BY SHAHIDA ARABI
The wolves that feast on us know that our blood is powerful. They know our compassion is ancient magic, buried deep within our bones. They seek to have a sliver of the silver moon that lights up our eyes. They want to destroy our beautiful smiles and rob us of the inherent joy they will never possess in any true way.
Ever since there has been a Little Red Riding Hood, there has also been a wolf hunting her. Wolves cannot get past our red armor unless they disguise themselves. So they do so with glaring ease: they disguise their big, hungry eyes with eyes of soulful empathy. They cover their gaping mouths with words so sweet and slick they taste like sugar coated candy. They mask their fangs with promises for the future.
They devour us with their disguises, each one crafted masterfully to ensnare and charm us. If we want a long-lasting partnership, they pretend they are searching for the love of their lives, all while their real partners pine away for them at home. If we want a fairy-tale romance, they bring out the glass slippers, hoping we won’t notice the precarious glass houses upon which their lies are built. If we want the ravishing allure of a lover, they seduce us and abandon us. Their touch is heroin and poison, a drug they know we won’t want to detox from.
When deceit and deception are layered with the occasional bricks of truth, it’s far more difficult to recognize a pathological liar, even when they’re standing right in front of us. When death is inflicted by the torture of a thousand cuts rather than outright murder, it’s far easier to justify these microaggressions. As we nurse each wound, we tell ourselves they didn’t mean it or that these injuries aren’t as severe as they seem. When the scars are invisible, it’s easy to pretend they don’t exist.
We allow these wolves into our homes. We worry about the monsters under our beds and forget the ones who sleep beside us every night. We accept their lies and gas-lighting as our new reality.
Little Red Riding Hoods have a duty — not to wolves that maim them — but to themselves. They have a divine right to protect themselves from those who seek to harm them. Each one that has escaped from the wolf does so with the knowledge that predators do exist. They escape knowing that each time they go into the forest, they might meet one dressed in sheep’s clothing or even adorned with the guise of someone they would know and love.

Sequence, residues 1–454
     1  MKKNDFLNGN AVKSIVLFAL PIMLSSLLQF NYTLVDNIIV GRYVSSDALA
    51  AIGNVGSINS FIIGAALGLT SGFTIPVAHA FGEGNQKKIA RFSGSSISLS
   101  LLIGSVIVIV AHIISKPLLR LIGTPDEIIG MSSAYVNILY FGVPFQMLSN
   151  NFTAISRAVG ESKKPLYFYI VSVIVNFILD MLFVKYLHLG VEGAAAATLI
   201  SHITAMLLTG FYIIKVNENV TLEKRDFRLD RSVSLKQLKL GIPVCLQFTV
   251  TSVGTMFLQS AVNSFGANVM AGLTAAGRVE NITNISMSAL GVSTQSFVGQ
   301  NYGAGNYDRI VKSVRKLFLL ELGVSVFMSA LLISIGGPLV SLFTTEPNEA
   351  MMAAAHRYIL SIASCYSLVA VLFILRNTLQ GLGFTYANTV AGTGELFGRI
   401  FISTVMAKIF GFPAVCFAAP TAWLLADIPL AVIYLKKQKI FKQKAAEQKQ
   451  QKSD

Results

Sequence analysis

This knowledge is powerful, but it’s not always enough. To conquer the wolf, Little Red Riding Hood must see herself through the wolf’s eyes –- she must understand that she is seen as a conquest, nothing more. Something to satiate his hunger. She must understand the wolf’s selfish needs, desires, and agenda, because otherwise she will be duped. Her biggest misconception is that the wolf thinks and feels as she does.
She must accept that the wolf is a predator, someone with a soulless agenda. The wolf needs to feed — and does so on many without a second glance. Pretending to be in love is one of the many masks a wolf wears so we give them access to devour us.
Love and trust make us vulnerable. So does compassion for the wrong people. The wolf knows this and depends on it. That’s why he showers us with praise, flattery, and a once-in-a-lifetime manufactured connection. That’s why he feeds us sob stories and crocodile tears. That’s why he trespasses into our lives with duplicity, rather than the truth of his character.
Beware the wolves who hide beneath the veneer of integrity and the facade of good will, for they are the most dangerous perpetrators of all.
Photo from Pixabay
For more self-study, The Urban Howl recommends The Universe Has Your Back: Transform Fear to Faith.
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